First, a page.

In addition to walking 30 seconds to your desk at home, the feelings of having more autonomy over your time and getting rid of typical office distractions have also been observed by teams and organizations all over the globe.
A4. A positive: without a commute, there’s more time in the mornings in evenings to hang out with family (even if virtually)— Twitter Business (@TwitterBusiness) May 7, 2020
A negative: ambiguous hours. It can be hard to let yourself unplug –– literally and figuratively. #EmbraceRemoteChat #EmbraceRemote
A4. (1/2) ✅: More time to dedicate to health and wellness without a commute. Lack of “drive by’s” and random distractions. Catching up with friends for virtual game nights, craft nights, and dinners. Finding out we CAN work from anywhere! #EmbraceRemoteChat #EmbraceRemote— Atlassian Confluence (@Confluence) March 26, 2020
There's a democratized sense of working, too - even though we've always operated under "if 1 person is remote, everyone is" mantra, it's just nice knowing everyone else is in the same boat as you are. 🛶#EmbraceRemoteChat— MURAL #IMAGINE2020 (@MURAL) May 28, 2020
That being said, the negatives of remote work are important to point out as well. For starters, the circumstances under which you are working remotely are very important! Nothing is ever easy when our environment itself feels uncertain.
Secondly, maintaining a work-life balance can feel tougher. With screen fatigue and blurred lines between when work is truly over. Telling yourself that you won’t “just check one more email” is important—a closed computer is a closed work day.
A4: So, what we're experiencing right now is NOT normal remote work. I repeat, it's NOT normal remote work. Usually, you can meet people and cowork, or have offsites. This is surviving a crisis with no childcare while attempting to work. #EmbraceRemoteChat— Stella Garber (@startupstella) May 14, 2020
Negative: Screen fatigue! It’s easy to get wrapped up in staring at your screen all day with work and meetings. Don’t forget to step away every once and awhile, even if you have to schedule in those breaks. #EmbraceRemoteChat #EmbraceRemote— Litmus (@litmusapp) April 30, 2020
A4: (2/3) On the flip side, working from home can make it hard to pull yourself away from your laptop at the end of the day making it feel like you're always on. Be sure to pace yourself & remember that your work week is a marathon, not a sprint. #EmbraceRemote #EmbraceRemoteChat— Atlassian (@Atlassian) March 19, 2020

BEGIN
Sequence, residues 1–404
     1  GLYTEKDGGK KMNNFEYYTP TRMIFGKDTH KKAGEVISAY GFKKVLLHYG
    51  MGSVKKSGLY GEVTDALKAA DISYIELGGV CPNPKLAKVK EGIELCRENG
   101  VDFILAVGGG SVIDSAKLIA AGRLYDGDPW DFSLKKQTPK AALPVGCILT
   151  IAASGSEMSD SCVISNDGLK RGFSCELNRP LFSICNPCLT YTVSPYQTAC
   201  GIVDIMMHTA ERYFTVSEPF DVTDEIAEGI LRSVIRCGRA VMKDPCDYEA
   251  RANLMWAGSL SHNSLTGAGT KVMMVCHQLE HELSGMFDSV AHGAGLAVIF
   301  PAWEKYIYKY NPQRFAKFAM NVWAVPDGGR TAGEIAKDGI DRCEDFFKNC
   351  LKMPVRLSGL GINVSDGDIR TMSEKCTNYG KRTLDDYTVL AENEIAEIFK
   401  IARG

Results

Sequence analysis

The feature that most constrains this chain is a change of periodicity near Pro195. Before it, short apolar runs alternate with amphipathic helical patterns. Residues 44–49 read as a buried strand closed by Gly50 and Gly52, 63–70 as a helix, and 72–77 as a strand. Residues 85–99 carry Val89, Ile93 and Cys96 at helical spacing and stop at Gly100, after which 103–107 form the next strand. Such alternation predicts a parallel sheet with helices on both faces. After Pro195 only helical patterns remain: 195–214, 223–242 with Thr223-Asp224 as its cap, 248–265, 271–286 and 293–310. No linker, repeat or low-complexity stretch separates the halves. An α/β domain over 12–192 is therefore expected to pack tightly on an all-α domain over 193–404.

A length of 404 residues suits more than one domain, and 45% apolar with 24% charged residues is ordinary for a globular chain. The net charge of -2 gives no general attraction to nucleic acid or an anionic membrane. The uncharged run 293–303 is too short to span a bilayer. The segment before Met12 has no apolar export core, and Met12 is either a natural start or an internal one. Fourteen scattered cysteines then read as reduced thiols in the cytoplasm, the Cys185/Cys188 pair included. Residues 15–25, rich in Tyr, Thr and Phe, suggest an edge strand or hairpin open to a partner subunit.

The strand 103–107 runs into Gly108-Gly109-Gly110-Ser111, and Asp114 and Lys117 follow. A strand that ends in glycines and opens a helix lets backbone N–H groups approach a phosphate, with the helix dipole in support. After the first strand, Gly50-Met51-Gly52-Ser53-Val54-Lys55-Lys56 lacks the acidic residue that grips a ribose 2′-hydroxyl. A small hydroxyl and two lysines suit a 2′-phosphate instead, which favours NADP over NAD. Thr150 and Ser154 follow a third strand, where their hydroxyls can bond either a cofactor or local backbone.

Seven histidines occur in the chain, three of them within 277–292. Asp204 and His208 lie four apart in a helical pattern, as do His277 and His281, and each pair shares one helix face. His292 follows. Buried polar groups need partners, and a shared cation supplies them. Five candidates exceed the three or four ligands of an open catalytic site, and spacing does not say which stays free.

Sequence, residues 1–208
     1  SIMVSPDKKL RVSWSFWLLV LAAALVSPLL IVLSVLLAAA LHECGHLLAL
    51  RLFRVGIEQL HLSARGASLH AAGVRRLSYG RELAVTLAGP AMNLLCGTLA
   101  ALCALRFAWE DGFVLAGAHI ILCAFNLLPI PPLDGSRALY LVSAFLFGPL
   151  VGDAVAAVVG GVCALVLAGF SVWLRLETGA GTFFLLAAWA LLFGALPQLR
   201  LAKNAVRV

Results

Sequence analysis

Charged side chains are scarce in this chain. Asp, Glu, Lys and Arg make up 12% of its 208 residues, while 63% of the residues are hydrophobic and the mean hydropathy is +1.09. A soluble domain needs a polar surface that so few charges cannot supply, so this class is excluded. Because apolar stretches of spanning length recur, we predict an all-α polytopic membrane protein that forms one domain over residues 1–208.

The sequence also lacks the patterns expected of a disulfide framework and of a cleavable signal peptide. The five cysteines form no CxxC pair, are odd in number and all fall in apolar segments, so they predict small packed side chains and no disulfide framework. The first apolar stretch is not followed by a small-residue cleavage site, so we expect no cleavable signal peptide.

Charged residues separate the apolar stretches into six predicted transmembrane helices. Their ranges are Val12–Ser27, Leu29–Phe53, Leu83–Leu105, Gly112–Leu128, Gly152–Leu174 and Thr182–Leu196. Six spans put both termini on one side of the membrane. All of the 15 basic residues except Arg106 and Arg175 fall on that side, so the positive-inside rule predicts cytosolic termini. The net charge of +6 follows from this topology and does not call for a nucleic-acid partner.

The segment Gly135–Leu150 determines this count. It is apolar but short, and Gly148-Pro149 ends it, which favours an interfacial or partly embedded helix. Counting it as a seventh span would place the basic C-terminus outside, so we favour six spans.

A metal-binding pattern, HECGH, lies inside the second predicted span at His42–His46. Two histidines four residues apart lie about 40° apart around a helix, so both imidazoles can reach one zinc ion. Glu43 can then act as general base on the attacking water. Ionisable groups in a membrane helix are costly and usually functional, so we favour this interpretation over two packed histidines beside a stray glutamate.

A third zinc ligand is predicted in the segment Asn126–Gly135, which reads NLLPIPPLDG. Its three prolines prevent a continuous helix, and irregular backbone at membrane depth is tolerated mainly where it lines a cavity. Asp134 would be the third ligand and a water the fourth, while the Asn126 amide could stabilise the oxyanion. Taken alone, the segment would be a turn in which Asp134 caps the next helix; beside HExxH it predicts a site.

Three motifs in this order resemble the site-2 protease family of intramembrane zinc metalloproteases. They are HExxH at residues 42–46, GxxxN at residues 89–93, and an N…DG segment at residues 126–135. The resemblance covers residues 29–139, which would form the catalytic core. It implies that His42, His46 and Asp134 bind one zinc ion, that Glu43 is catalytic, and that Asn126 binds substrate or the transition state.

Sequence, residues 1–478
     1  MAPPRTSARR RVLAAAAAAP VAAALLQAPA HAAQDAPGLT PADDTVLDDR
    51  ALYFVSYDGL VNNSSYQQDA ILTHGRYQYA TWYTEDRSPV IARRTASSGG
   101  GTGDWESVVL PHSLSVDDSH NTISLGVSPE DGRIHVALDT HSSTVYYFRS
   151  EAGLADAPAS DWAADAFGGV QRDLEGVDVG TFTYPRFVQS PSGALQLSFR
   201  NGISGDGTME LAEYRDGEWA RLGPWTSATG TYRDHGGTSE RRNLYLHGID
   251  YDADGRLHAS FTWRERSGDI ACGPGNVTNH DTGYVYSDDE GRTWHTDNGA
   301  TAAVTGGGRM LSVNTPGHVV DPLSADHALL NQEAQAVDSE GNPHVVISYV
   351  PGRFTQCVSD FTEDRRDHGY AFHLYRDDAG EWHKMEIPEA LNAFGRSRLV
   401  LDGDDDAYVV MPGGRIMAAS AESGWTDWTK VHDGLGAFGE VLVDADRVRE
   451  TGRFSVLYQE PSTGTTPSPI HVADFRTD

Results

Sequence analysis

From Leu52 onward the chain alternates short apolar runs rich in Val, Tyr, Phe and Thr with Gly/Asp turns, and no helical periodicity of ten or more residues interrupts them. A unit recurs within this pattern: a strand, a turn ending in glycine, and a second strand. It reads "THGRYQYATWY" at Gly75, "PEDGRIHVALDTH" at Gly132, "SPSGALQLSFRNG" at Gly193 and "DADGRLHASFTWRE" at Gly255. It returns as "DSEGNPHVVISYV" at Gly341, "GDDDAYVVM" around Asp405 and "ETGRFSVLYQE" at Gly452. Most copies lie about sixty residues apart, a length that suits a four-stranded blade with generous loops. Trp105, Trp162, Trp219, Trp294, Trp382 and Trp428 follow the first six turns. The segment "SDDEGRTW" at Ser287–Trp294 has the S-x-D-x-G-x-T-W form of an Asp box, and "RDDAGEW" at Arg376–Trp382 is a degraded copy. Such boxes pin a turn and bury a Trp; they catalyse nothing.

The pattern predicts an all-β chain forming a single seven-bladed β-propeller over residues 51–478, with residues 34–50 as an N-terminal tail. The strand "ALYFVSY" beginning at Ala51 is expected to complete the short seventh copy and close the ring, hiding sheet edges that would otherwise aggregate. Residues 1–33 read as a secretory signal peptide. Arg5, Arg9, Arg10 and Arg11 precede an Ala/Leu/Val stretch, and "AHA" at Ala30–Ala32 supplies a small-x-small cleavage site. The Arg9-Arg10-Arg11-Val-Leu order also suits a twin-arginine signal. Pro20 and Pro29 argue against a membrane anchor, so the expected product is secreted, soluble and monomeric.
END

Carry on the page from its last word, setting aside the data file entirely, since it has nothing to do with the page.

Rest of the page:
Ask Early, And Often
Turns out, discovering what makes your team most productive and healthy while working remotely is as simple as...asking.
With responses ranging from using the pomodoro technique to exercising to genuinely giving employees autonomy—the habits and routines you can employ are as varied and diverse as successful remote teams themselves.
A5: (2/3) Lastly, we want everyone to continue supporting each other, while taking care of our families. This includes taking PTO. It might not include Disneyland this year, but it’s important to deliberately unplug and recharge. -MC #EmbraceRemoteChat #EmbraceRemote— Dropbox Business (@DropboxBusiness) April 2, 2020
A5: (2/2) Give people the autonomy to do good work, go deep, and make decisions with as little bureaucracy as possible. Managers are there to help solve problems, not give orders. #EmbraceRemoteChat #EmbraceRemote— InVision (@InVisionApp) April 8, 2020
Give A Virtual *Group Hug*
Last, but certainly not least, our shared experiences from working remotely are reassuringly similar. The main takeaway: it’s OK to not feel normal while the world is not normal.
Leading with empathy is always a great call, however, when we’re apart it is truly the key to all of our teams’ well-being.
Be forgiving to yourself. Working remotely during a pandemic is *so* different from working remotely. If you’re finding it hard to stay focused or be productive, you aren’t alone ❤️ #EmbraceRemoteChat #EmbraceRemote— Litmus (@litmusapp) April 30, 2020
5/ Lastly, take care of yourself. Have a little grace that things aren't normal right now - remembering that you're not just #WFH, you're working AT home during a pandemic. It's OK to ask for time off; just make sure you communicate what you need. 🙋♀️🗣#EmbraceRemoteChat— MURAL #IMAGINE2020 (@MURAL) May 28, 2020
A6: It’s important to reinforce that these past weeks aren’t traditional “remote work.” But, they’ve heightened some of the lessons: over-communicate, own your calendar, stick to a routine, and always lead with empathy.#EmbraceRemoteChat— HubSpot Life (@HubSpotLife) April 23, 2020
Here, there, anywhere, our chats about all things remote work live on our Twitter feed on @Trello. Whether you’re a team of 5, 50, or 500, working from home presents similar benefits and challenges.
Join the conversation and let us know how your team is working, no pants required.
Good or bad, we'd love to hear your thoughts. Find us on Twitter (@trello)!